The relationship between antineutrophil cytoplasmic autoantibody (ANCA)-associated vasculitis (AAV) and ANCA-negative vasculitis has not been elucidated.Patient concerns:
A 64-year-old female with edema and proteinuria was admitted. A kidney biopsy indicated focal proliferative nephritis with crescents in 25% of glomeruli. Serum ANCA was negative. Eighteen months later, systemic symptoms emerged and acute kidney injury occurred. Serum ANCA against myeloperoxidase (MPO) turned positive. Repeated kidney biopsy showed more severe lesion than last time. Immunoglobulin (Ig)G was purified from serum obtained before the first kidney biopsy. Weak ANCA which could not be detected in serum was found in IgG.Diagnoses:
MPO-ANCA-associated AAV developed from ANCA-negative renal-limited AAV.Interventions:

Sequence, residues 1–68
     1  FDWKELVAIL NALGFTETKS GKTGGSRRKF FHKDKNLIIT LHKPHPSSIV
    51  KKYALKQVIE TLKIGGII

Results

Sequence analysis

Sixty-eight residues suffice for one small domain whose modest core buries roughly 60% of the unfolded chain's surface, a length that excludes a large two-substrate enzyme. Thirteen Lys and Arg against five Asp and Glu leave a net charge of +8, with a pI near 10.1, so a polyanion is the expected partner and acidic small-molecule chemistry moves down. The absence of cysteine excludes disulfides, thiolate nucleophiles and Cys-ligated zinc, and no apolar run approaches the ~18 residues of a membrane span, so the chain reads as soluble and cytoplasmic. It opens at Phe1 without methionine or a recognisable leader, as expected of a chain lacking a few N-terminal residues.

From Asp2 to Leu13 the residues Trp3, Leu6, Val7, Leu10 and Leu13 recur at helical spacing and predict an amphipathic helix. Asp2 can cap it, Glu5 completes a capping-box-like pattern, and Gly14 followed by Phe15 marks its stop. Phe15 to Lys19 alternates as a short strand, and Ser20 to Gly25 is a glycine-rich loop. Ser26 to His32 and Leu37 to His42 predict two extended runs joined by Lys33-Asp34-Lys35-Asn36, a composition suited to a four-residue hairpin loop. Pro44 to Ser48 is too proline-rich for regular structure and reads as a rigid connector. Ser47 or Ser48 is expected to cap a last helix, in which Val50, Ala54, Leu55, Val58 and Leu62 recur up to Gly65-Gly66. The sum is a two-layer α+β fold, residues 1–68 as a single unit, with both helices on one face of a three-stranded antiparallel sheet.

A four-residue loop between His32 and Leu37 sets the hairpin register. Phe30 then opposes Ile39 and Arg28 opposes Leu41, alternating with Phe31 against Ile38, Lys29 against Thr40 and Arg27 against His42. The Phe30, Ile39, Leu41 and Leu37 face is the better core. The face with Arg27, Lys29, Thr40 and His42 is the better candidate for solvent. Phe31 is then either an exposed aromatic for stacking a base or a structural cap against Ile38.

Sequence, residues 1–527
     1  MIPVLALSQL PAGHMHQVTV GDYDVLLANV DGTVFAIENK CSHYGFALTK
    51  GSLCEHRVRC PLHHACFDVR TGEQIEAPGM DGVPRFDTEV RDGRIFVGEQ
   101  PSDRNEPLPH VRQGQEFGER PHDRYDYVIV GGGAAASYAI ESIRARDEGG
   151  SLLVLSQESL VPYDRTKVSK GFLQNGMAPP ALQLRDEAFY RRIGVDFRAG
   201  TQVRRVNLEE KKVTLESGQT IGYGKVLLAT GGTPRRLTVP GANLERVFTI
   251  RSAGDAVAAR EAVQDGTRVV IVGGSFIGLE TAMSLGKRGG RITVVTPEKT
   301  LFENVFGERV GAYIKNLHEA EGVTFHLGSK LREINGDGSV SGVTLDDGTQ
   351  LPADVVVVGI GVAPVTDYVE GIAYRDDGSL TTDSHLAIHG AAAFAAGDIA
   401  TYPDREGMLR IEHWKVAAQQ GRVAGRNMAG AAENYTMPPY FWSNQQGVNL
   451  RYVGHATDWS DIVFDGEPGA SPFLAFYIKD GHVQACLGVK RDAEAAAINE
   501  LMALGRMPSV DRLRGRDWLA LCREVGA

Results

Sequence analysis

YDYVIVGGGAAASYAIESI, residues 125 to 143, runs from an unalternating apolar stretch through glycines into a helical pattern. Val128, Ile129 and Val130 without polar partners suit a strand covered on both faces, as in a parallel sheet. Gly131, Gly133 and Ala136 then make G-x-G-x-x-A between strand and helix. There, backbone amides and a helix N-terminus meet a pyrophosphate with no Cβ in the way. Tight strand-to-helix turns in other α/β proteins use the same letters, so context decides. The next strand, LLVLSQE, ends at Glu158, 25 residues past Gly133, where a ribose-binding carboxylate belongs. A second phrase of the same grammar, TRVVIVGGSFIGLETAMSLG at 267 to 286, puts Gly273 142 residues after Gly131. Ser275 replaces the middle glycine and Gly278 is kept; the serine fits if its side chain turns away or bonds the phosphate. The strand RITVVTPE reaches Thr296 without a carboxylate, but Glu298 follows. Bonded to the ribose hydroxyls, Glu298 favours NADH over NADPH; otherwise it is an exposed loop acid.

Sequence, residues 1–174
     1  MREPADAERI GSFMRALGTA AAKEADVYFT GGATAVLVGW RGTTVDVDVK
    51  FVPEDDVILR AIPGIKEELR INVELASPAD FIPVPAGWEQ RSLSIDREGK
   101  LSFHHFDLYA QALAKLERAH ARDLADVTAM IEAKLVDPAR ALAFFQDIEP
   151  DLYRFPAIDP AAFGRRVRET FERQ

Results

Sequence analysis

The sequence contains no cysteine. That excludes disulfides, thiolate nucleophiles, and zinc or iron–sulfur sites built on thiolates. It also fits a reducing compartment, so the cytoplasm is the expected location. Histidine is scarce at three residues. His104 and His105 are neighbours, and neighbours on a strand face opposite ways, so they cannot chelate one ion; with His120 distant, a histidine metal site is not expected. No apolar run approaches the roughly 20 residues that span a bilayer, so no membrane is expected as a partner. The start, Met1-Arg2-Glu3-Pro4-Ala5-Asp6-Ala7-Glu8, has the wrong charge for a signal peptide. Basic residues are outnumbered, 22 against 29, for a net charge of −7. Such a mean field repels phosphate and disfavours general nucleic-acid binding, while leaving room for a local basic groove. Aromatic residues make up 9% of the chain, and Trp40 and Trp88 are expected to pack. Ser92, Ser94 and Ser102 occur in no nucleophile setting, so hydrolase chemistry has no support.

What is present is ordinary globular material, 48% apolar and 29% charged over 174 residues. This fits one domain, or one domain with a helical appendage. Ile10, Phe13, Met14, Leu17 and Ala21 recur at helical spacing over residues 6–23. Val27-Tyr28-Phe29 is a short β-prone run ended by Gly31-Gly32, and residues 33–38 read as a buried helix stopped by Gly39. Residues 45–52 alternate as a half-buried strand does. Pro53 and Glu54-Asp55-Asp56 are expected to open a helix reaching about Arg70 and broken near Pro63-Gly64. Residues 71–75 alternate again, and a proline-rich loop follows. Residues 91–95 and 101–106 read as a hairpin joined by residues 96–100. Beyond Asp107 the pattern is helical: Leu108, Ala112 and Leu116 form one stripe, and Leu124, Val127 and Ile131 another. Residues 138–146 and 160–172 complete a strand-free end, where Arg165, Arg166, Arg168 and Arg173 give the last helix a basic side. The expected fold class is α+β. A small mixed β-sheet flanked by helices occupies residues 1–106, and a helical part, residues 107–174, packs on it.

The patient was treated with glucocorticoid.Outcomes:
The serum creatinine decreased to 2.17 mg/dL a week later. MPO-ANCA turned negative when re-examined 3 weeks later. No relapse has been observed during follow-up for 6 months.Lessons:
This is the first reported case about the spontaneous transformation from ANCA-negative renal-limited AAV to ANCA-positive systemic vasculitis. There might be a slow process of epitope spreading in the pathogenesis of disease. Physicians should try their best to detect the ANCA in the diagnose and treatment of ANCA-negative AAV.